Random Forest Classification with Python

Random forest is a type of machine learning algorithm in which the algorithm makes multiple decision trees that may use different features and subsample to making as many trees as you specify. The trees then vote to determine the class of an example. This approach helps to deal with the high variance that is a problem with making only one decision tree.

In this post, we will learn how to develop a random forest model in Python. We will use the cancer dataset from the pydataset module to classify whether a person status is censored or dead based on several independent variables. The steps we need to perform to complete this task are defined below

  1. Data preparation
  2. Model development and evaluation

Data Preparation

Below are some initial modules we need to complete all of the tasks for this project.

import pandas as pd
import numpy as np
from pydataset import data
from sklearn.model_selection import train_test_split
from sklearn.model_selection import cross_val_score
from sklearn.ensemble import RandomForestClassifier
from sklearn.metrics import classification_report

We will now load our dataset “Cancer” and drop any rows that contain NA using the .dropna() function.

df = data('cancer')
df=df.dropna()

Next, we need to separate our independent variables from our dependent variable. We will do this by make two datasets. The X dataset will contain all of our independent variables and the y dataset will contain our dependent variable. You can check the documentation for the dataset using the code data(“Cancer”, show_doc=True)

Before we make the y dataset we need to change the numerical values in the status variable to text. Doing this will aid in the interpretation of the results. If you look at the documentation of the dataset you will see that a 1 in the status variable means censored while a 2 means dead. We will change the 1 to censored and the 2 to dead when we make the y dataset. This involves the use of the .replace() function. The code is below.

X=df[['time','age',"sex","ph.ecog",'ph.karno','pat.karno','meal.cal','wt.loss']]
df['status']=df.status.replace(1,'censored')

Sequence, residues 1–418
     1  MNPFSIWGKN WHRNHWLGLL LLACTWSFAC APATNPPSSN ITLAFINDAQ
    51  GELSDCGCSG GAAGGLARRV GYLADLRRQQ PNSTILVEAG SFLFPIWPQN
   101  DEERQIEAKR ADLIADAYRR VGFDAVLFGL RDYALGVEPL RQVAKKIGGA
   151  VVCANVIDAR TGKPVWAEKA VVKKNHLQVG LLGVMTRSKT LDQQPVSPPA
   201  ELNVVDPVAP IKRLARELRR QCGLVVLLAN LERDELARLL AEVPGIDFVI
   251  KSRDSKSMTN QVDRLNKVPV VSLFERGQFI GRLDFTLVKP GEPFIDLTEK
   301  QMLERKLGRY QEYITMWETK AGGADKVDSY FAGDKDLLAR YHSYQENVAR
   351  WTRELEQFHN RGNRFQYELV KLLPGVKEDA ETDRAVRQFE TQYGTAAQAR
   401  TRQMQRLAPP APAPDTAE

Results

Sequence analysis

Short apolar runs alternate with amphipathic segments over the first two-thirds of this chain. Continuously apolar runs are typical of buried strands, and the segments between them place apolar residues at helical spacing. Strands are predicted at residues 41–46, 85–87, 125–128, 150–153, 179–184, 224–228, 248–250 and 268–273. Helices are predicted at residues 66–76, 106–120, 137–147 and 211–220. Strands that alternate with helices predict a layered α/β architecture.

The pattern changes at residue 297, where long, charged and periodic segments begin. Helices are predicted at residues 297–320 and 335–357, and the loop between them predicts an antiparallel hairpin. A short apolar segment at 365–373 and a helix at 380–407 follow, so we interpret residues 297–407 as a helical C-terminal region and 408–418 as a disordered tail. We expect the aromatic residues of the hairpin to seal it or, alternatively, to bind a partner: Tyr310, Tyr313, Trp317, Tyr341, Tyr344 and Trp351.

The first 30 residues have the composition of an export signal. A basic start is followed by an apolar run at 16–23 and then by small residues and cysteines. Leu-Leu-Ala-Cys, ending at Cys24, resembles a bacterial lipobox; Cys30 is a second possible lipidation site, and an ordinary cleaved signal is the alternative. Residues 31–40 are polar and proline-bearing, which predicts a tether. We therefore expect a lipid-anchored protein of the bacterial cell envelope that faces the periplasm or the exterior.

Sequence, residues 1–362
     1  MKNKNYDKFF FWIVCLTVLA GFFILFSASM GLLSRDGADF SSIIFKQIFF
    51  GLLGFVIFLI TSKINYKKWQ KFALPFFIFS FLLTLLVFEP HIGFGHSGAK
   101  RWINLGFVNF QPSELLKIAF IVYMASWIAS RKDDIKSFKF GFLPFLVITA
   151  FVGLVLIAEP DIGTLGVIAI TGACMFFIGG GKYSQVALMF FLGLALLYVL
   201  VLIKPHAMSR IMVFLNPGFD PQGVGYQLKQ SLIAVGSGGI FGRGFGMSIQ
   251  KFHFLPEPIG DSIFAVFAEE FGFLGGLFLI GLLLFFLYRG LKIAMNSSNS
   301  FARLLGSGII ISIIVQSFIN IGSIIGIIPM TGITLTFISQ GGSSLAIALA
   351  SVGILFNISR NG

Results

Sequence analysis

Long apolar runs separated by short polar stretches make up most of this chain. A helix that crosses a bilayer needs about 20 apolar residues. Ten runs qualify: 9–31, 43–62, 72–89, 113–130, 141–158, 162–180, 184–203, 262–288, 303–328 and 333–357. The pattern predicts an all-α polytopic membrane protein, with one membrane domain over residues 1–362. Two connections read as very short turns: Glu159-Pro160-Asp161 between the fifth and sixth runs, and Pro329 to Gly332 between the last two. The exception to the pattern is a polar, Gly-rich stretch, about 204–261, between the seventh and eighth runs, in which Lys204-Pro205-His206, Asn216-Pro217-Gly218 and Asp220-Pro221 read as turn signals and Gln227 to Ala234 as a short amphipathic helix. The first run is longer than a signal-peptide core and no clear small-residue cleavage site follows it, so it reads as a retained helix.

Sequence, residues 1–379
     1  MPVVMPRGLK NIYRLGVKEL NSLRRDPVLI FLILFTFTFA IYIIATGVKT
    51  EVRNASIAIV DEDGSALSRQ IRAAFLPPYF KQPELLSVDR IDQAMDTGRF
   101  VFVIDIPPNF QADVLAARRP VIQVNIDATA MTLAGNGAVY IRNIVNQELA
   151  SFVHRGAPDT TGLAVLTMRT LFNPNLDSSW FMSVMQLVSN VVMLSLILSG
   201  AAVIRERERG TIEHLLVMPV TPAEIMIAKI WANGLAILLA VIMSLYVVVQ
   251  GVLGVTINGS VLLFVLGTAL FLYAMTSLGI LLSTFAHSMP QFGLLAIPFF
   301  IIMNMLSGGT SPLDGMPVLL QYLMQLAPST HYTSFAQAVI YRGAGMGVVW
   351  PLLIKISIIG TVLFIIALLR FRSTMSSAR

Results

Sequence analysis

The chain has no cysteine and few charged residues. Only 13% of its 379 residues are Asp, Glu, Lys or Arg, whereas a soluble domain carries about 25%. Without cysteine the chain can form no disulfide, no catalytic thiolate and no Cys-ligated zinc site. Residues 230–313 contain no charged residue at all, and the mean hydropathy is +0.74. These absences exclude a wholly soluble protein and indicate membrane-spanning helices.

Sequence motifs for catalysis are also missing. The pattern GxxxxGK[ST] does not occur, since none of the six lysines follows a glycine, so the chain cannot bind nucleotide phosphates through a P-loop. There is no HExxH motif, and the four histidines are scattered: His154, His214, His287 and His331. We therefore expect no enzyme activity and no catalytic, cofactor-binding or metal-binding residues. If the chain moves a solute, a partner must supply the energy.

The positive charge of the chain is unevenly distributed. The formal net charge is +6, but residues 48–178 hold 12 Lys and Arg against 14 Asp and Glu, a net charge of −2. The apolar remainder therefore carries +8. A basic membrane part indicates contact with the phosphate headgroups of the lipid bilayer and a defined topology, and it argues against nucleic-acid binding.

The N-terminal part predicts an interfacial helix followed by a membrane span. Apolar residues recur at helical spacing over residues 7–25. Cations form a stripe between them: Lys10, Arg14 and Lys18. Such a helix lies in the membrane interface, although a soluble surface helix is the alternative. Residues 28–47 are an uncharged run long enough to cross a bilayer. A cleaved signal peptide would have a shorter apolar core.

df['status']=df.status.replace(2,'dead')
y=df['status']

We can now proceed to model development.

Model Development and Evaluation

We will first make our train and test datasets. We will use a 70/30 split. Next, we initialize the actual random forest classifier. There are many options that can be set. For our purposes, we will set the number of trees to make to 100. Setting the random_state option is similar to setting the seed for the purpose of reproducibility. Below is the code.

x_train, x_test, y_train, y_test = train_test_split(X, y, test_size=0.3, random_state=0)
h=RandomForestClassifier(n_estimators=100,random_state=1)

We can now run our modle with the .fit() function and test it with the .pred() function. The code is velow.

h.fit(x_train,y_train)
y_pred=h.predict(x_test)

We will now print two tables. The first will provide the raw results for the classification using the .crosstab() function. THe classification_reports function will provide the various metrics used for determining the value of a classification model.

print(pd.crosstab(y_test,y_pred))
print(classification_report(y_test,y_pred))

1

Our overall accuracy is about 75%. How good this is depends in context. We are really good at predicting people are dead but have much more trouble with predicting if people are censored.

Conclusion

This post provided an example of using random forest in python. Through the use of a forest of trees, it is possible to get much more accurate results when a comparison is made to a single decision tree. This is one of many reasons for the use of random forest in machine learning.

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